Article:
Can Pedialyte Really Cure a Hangover?


Some swear that Pedialyte, the liquid electrolyte beverage meant to rehydrate sick children, is the ticket to curing a hangover. And why not, considering the drink contains more sodium and less sugar than the leading sports beverage. Even the brand itself has learned that consumers are using it for hangover relief: Pedialyte has started to market itself to adults for this exact benefit, using the hashtag #NotJustForBabies on social media.

This sounds likes a real win for anyone who’s had a few too many, but is Pedialyte really the ultimate friend when alcohol has turned to total foe-mode?

The short answer: No. The only real cure for a hangover is time, says Jing Liang MD, PhD, a professor at USC School of Pharmacy.

The longer answer: It’s possible Pedialyte could help quell a hangover faster than other so-called panaceas on the market, Dr. Liang says, but you shouldn’t rely on the beverage to improve the consequences of too much alcohol. “Recovery from a hangover is usually just a matter of time,” she says. “Most hangovers are gone within 24 hours.”

Pedialyte helps cure dehydration—but despite popular belief, dehydration is only one culprit behind your raging hangover headache and queasy stomach. When the liver processes alcohol, it breaks it down into acetaldehyde, “which is considered toxic to the body,” Dr. Liang explains.

Acetaldehyde is further metabolized into acetate, which eventually leaves the body, but the more alcohol you consume, the harder your system has to work to turn toxic acetaldehyde into acetate. Before it's broken down into acetate, acetaldehyde can cause nausea, rapid heart rate, and a flushed face in some drinkers, according to the National Institute on Alcohol Abuse and Alcoholism. “These chemicals can eventually impair the liver and cause cirrhosis,” Dr. Liang adds.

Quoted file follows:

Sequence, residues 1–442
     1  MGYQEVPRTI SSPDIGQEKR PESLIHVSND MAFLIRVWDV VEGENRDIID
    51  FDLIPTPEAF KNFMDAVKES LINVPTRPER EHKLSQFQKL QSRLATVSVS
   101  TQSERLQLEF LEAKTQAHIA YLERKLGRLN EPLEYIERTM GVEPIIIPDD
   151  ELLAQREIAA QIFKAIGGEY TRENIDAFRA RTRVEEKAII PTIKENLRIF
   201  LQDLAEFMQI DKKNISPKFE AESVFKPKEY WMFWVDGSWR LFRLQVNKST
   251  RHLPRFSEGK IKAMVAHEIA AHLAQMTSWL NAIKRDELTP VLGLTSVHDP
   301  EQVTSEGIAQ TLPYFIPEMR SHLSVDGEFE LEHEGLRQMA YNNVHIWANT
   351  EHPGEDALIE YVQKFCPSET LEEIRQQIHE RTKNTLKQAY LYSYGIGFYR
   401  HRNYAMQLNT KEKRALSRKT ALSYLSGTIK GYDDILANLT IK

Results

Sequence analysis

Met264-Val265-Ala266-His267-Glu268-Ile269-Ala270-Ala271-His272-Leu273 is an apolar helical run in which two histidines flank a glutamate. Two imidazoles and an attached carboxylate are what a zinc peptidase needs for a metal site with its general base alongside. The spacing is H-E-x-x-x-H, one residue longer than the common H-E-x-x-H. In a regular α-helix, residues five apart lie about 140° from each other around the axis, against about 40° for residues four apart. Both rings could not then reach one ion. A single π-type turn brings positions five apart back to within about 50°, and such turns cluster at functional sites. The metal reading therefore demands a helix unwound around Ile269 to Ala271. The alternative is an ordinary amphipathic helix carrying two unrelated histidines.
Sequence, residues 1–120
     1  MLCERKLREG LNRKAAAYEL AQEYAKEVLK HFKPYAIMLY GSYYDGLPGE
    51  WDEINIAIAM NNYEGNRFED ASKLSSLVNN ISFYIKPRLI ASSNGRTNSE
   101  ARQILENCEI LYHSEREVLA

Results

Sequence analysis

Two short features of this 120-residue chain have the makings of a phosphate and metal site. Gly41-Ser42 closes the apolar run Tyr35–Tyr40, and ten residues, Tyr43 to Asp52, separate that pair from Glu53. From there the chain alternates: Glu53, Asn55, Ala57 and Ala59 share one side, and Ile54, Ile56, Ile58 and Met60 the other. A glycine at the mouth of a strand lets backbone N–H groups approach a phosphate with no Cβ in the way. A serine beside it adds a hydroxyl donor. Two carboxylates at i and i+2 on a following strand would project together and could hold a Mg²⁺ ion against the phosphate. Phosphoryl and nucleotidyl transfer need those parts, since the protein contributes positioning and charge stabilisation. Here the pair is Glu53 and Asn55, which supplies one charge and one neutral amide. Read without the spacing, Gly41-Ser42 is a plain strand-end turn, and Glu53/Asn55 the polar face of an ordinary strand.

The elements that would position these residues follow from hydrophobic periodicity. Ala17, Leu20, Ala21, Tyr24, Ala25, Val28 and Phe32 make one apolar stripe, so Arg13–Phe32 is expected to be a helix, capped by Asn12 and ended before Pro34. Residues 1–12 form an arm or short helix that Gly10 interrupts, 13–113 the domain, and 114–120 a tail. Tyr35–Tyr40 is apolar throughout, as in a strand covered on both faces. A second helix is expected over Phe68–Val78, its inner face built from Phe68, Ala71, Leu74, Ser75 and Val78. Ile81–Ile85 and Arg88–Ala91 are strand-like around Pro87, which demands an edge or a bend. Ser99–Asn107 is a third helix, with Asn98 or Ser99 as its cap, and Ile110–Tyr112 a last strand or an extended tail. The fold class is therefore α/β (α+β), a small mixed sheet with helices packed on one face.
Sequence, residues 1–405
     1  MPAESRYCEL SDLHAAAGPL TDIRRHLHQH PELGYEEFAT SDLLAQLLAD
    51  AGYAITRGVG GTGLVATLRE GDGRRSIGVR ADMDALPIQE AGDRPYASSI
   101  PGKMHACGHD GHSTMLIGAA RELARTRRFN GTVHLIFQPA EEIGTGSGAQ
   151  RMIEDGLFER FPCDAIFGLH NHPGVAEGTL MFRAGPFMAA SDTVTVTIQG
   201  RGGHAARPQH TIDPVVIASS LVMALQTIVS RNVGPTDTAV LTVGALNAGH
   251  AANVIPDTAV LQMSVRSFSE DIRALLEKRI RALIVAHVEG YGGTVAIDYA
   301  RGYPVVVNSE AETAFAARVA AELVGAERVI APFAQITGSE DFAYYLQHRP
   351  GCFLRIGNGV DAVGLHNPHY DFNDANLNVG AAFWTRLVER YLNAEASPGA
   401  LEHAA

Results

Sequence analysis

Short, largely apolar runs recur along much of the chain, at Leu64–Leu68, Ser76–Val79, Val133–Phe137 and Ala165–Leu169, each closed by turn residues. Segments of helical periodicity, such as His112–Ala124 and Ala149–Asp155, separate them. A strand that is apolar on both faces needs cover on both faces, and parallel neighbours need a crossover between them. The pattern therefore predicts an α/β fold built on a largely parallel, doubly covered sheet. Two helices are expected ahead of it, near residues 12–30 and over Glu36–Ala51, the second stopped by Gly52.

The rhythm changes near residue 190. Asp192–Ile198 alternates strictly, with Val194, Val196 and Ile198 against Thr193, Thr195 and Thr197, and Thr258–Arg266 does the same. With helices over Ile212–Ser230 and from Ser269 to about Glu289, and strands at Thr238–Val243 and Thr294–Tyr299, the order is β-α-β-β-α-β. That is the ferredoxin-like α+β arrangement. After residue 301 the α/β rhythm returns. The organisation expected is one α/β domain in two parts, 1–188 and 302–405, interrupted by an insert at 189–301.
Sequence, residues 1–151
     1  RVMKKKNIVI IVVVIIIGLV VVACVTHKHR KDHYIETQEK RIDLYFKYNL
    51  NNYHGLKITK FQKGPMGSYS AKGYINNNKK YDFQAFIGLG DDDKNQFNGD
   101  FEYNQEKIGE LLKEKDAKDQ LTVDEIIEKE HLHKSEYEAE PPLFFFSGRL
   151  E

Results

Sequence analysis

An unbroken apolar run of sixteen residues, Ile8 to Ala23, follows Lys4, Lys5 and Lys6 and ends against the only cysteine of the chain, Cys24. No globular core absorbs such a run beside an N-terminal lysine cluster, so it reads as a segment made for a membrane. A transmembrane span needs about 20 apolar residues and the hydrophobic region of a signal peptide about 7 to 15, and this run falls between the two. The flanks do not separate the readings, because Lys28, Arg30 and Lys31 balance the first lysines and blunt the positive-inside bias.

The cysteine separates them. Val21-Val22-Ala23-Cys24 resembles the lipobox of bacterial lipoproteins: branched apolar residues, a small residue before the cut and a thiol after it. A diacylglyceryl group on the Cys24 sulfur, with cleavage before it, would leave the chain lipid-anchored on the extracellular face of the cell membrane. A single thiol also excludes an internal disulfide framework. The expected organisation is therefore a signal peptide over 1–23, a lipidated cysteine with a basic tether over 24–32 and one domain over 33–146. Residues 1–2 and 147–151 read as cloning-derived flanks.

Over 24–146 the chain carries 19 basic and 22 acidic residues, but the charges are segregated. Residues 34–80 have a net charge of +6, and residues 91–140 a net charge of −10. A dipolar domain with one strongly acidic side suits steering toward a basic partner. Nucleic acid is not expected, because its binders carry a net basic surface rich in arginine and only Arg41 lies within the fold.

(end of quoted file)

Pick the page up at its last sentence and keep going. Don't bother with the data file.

Still, it can’t hurt to at least address that dehydration. And, turns out, drinking Pedialyte may actually help.

When to drink Pedialyte to get the most benefits

Timing is everything. When it comes to Pedialyte, the drink can be more helpful if consumed before you go to bed, according to Jason Burke, MD, founder and president of Hangover Heaven. While that’s a prescription that can be hard to follow if you’ve already had too much to drink, rehydrating before sleep will lessen your chances of waking up dehydrated.

If you’re choosing between Pedialyte or another electrolyte-infused beverage like Gatorade, Dr. Burke says to go with the former. “I like Pedialyte better than Gatorade, as it has more electrolytes and less sugar,” he says. Nutrition-wise, a 12-ounce serving of Pedialyte has 370 milligrams of sodium, 280 milligrams of potassium, 9 grams of sugar, and 35 calories. The same size serving of Gatorade contains 160 milligrams of sodium, 45 milligrams of potassium, 21 grams of sugar, and 80 calories.

Of course, the ultimate hangover cure is abstaining from alcohol entirely. It’s truly the only way to prevent the dreadful side effects of booze. If you do plan on imbibing, however, Dr. Burke says clear or lighter-colored alcohols are less likely to make you hungover. (They have fewer chemicals called congeners than darker-hued drinks. These chemicals are made during the fermenting process and might contribute to or worsen a hangover, according to the Mayo Clinic.) Aspirin or ibuprofen and a nap can’t hurt either.

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